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On 11 November 1997, she was inaugurated as the eighth President of Ireland.
Within weeks of this she made her first official overseas trip to Lebanon.
Mc Aleese described the theme of her presidency as "building bridges".
The first individual born in Northern Ireland to become President of Ireland, President Mc Aleese was a regular visitor to Northern Ireland throughout her presidency, where she was on the whole warmly welcomed by both communities, confounding critics who had believed she would be a divisive figure.
Mc Aleese was critical of the Provisional IRA, but believed it was important to hear their side of the story; she opposed the Harris faction's support for Section 31, which she believed was an attack on free speech.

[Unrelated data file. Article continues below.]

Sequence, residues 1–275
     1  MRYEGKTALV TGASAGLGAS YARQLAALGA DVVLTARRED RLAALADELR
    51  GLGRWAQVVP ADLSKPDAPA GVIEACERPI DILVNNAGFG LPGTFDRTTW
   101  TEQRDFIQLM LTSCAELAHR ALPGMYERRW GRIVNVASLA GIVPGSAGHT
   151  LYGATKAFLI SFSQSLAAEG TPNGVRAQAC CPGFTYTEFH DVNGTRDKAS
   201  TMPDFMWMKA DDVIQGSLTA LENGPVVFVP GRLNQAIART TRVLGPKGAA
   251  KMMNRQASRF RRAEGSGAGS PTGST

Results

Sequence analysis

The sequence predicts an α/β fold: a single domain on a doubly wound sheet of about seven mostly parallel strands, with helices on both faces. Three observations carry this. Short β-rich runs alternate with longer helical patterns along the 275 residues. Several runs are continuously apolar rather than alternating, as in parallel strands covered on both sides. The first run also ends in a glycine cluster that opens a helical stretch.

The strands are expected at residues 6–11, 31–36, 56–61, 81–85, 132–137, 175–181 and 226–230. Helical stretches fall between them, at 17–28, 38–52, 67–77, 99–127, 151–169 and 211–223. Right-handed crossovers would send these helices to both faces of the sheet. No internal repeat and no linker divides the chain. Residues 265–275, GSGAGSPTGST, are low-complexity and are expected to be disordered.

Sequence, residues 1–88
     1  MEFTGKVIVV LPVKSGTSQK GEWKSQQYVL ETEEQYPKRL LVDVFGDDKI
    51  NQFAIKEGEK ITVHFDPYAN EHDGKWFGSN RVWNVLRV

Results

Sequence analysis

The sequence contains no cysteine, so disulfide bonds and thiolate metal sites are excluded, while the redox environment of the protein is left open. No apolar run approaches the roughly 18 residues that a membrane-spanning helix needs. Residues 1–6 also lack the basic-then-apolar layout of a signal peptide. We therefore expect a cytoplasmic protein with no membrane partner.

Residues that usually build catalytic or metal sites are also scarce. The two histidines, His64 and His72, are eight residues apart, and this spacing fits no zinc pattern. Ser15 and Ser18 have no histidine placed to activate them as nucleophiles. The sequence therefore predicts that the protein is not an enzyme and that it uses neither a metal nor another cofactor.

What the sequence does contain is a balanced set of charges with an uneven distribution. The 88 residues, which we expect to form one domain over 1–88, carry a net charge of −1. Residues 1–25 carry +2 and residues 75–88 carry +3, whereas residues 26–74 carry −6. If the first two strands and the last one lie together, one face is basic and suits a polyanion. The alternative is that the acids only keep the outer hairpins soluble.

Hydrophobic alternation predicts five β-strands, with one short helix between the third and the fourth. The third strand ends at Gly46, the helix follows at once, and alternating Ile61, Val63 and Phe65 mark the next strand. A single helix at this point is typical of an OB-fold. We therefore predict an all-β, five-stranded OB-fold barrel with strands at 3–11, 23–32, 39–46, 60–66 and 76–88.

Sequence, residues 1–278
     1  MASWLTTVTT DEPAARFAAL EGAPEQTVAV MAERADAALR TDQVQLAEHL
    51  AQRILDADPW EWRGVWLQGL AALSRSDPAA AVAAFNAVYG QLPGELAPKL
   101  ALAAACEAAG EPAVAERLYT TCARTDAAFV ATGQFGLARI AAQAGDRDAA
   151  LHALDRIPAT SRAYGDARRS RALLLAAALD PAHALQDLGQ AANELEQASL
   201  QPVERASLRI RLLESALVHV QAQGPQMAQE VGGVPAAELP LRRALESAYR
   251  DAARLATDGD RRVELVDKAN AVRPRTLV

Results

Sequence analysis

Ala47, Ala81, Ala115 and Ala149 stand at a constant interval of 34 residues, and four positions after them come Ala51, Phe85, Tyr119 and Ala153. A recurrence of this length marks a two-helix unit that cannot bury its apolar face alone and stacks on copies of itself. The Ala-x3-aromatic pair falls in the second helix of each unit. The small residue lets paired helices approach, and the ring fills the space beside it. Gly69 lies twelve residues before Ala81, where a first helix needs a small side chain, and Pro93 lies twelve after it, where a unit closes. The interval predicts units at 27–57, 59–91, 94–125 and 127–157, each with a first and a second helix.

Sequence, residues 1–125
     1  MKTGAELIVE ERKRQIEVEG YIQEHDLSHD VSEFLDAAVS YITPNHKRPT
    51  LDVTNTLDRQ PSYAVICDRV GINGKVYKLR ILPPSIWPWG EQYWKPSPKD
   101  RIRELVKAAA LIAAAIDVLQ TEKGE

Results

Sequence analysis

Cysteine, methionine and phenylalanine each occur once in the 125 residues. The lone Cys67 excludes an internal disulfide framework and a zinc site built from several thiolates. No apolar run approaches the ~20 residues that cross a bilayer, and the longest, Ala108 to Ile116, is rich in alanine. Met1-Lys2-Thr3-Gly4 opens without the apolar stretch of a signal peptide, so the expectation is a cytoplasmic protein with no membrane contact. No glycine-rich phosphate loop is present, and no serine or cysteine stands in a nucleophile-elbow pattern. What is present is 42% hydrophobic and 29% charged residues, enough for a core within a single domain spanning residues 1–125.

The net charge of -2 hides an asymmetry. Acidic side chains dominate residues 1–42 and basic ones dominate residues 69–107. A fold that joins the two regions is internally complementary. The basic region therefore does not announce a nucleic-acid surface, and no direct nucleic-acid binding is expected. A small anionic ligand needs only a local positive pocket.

In 1987, she returned to Queen's University, to become Director of the Institute of Professional Legal Studies.
This bridge-building materialised in her attempts to reach out to the unionist community in Northern Ireland.
These steps included celebrating the Twelfth of July at Áras an Uachtaráin and taking communion in a Church of Ireland cathedral in Dublin, for which she incurred some criticism from some of the Irish Catholic hierarchy.
Mc Aleese was a member of the Catholic Church Episcopal Delegation to the New Ireland Forum in 1984, and a member of the Catholic Church delegation to the Northern Ireland Commission on Contentious Parades in 1996.
Mc Aleese won the presidency with 45.2% of first preference votes.
In the second and final count against Banotti, Mc Aleese won 55.6% of preferences.
Mc Aleese is the first president of Ireland to have come from either Northern Ireland or Ulster.
Mc Aleese graduated in Law from Queen's University Belfast.